The whole history of urban development in Mexico can be summarised in a few words: Do-it-yourself urbanism.
Working for a big company means that you have to serve an unfair boss, and for the explosive personality of many Mexicans this is out of the question. If you want your life to improve, for most people that means starting your own business. Small enterprises have flourished incredibly as we keep growing in population. More people move into cities and set up their family businesses and shops all over the city. You see millions of tiny shops in the avenues, in which people try to make a living by competing within the neighbourhood. In this economy, they have control over their work life and earn a living. Survival has meant becoming a merchant, because the system does not work properly.
But nowadays the big fish end up eating the small ones. With the North American Free Trade Agreement (ironically NAFTA), big brother USA has applied its wise strategy of modern invasion, filling up the Mexican territory with its businesses. So we have all those multinationals which come in promising “employment”, but in reality displacing thousands of small family enterprises. The biggest offender is Wal-Mart: they came to destroy thousands of different sectors in the market. Beginning with the corner shop, the Wal-Mart ideology has destroyed ice cream shops, bakeries, toy sellers, open air markets, fruit sellers, tortillerias (traditional tortilla and flour shops), furniture shops, house decorators and drug stores. You name it, they have wiped it out.
Nevertheless, thousands of new small shops keep appearing in Mexican cities every day. The city is again a palimpsest in which you can see the human touch. It might look ugly and out of harmony, but this is the result of our impotence in attempting to create a system that works. So we have found harmony within chaos.
I have heard people say that somebody needs to do something and “fix” something because the city is in such a mess. Well, my friends, the city is made by all of us. It adapts to our needs; we mould our city. But, do we really know what our needs are? Do we even know what we are getting out of life? The things that are left after we die are our remnants in the city. So how can our cities make us happy?
We think we want bigger, better, faster; we like beauty, wealth, peace, green, power, control… We are the most selfish product of the world and we created the city to serve our egos. But the city stands and waits. It is patient. Each of us has given a grain of sand. If we are aware of what kind of city we want, not for our pockets but for our children, then we can contribute to its healthy development.
In these years I have been living in Estonia, every time I go back to Guadalajara I see big changes. The city looks more and more like India. Despite the traffic and many deficiencies in urban management, when you live in such a place and you forget about its aesthetics, either you spend more money in building up your own tiny empire of beauty or you fight against the current. Instead of planning and visions, our cities become more and more fragmented. And I have discovered that this is what makes our cities real. They are the mirror of our economy. Thus, the physical city is not to be blamed.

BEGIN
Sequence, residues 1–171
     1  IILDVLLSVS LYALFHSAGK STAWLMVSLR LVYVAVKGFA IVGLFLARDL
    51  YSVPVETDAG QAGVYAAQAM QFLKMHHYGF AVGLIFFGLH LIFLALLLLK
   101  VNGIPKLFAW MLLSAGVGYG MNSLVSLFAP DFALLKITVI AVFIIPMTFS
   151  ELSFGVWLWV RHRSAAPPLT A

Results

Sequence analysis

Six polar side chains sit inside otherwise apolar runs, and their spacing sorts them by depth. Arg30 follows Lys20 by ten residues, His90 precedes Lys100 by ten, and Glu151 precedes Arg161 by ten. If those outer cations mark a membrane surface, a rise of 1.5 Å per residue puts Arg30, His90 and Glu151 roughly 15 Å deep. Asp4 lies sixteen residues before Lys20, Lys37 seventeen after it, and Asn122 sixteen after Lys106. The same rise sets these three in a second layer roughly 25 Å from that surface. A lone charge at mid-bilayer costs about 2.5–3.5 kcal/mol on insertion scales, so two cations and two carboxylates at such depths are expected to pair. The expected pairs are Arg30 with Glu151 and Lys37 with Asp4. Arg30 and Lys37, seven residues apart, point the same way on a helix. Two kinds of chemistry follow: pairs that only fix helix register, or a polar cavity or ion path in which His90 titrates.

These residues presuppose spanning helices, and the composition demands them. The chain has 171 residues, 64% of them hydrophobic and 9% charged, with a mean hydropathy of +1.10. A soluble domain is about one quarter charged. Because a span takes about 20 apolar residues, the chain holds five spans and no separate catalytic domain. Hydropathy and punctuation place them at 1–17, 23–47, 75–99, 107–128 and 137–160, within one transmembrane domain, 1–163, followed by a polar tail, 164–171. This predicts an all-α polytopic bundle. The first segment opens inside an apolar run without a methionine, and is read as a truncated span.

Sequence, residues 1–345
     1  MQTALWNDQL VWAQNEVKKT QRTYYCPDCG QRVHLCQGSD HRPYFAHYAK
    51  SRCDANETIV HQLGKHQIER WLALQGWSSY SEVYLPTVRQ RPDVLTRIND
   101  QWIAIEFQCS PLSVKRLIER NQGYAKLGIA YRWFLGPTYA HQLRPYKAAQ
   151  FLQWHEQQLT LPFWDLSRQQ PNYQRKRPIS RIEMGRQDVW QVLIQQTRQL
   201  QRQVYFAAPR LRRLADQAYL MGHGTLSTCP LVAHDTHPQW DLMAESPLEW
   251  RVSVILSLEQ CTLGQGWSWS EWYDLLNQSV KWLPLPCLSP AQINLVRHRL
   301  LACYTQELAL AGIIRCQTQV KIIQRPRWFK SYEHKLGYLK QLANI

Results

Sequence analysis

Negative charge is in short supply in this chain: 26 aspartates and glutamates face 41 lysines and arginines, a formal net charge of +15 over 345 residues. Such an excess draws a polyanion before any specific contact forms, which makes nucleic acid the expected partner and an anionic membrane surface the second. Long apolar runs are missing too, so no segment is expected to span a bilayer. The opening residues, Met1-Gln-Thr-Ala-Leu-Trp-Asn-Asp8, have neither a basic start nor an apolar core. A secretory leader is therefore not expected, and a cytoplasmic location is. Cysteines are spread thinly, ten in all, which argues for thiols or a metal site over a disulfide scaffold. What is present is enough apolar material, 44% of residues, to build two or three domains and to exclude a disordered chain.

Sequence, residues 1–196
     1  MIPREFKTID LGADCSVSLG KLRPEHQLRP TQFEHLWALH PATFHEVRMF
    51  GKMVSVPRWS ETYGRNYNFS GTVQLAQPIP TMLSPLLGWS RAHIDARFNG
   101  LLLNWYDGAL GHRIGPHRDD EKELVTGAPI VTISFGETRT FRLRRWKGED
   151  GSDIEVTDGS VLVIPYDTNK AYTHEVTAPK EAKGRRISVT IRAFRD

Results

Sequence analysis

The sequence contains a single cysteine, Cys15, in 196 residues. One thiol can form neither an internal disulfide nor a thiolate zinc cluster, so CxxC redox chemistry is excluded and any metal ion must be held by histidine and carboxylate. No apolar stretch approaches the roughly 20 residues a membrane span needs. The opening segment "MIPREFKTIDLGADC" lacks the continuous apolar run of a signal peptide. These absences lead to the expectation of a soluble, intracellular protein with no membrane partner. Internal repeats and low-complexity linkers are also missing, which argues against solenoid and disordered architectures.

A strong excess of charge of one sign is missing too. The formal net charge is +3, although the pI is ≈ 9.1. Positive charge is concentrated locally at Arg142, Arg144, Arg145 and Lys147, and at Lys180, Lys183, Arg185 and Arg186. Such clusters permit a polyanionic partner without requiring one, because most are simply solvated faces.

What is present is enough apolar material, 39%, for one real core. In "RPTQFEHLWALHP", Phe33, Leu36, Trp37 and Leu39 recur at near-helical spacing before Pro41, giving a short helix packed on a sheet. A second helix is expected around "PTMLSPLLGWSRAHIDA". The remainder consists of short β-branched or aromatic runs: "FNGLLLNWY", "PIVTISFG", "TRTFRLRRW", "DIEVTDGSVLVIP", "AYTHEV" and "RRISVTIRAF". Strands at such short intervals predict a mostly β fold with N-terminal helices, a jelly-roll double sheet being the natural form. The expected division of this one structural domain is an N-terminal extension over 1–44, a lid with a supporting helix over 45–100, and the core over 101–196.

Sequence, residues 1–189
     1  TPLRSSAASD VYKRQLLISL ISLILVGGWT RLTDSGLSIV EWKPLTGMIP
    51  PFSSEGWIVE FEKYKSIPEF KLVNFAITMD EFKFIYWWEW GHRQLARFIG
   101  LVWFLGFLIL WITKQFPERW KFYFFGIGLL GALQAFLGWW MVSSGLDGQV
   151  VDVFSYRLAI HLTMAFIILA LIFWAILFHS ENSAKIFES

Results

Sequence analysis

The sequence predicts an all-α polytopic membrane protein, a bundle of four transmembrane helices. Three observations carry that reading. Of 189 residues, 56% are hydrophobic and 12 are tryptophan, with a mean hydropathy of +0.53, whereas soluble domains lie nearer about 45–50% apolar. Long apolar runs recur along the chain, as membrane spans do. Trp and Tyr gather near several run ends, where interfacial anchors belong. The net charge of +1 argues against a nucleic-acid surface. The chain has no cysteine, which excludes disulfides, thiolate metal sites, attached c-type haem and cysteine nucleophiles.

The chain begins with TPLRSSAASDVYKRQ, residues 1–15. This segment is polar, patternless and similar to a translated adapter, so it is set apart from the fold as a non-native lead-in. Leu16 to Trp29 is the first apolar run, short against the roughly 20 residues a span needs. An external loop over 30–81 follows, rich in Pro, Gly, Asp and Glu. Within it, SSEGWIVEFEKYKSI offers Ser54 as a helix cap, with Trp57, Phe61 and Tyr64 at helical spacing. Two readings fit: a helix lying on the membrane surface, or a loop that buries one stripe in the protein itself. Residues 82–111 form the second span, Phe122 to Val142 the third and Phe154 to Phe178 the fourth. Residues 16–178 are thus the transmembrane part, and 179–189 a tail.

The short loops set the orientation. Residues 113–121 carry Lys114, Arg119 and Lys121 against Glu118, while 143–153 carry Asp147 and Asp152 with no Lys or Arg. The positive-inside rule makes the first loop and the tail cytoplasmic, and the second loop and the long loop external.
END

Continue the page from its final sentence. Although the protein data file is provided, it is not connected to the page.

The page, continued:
People move into urban areas because living in a city means having more opportunities. The city cannot always be perfected; actually, it will keep fragmenting and “imperfecting” itself to provoke a feeling of discovery, that around the corner you might find a surprise and a cosy environment of your own. Cities are islands because we have made them so. After all, we mould the cities ourselves, with only our thoughts and ideals of the city. What if we stopped thinking about “my” city and started thinking about “our” city? Leaving our egos and tiny empires aside, the city waits for us to reach agreement with each other. The city is intuitive; it knows our intentions. So please first clarify your intentions and understand yourself, then let the city understand you.
Every city is an island. Every city has its processes. Monterrey is forward-looking, while Oaxaca still feels its recent scars. San Cristóbal de las Casas in Chiapas and other magic towns might be at the edge of keeping or losing their beauty and charm in their uncontrolled growth, while others grow harmoniously. Some cities think more about services, while others focus their attention on schooling or business development. Conservation and identity are primary to others, such as Mazamitla and Morelia. Unfortunately, I cannot describe all the other wonders of urban life in every city. Yet, some of the processes and events here described apply to cities around the world. It all depends on how aware and open the citizens and city professionals are, to what extent they are willing to diminish their egos and give more to the city.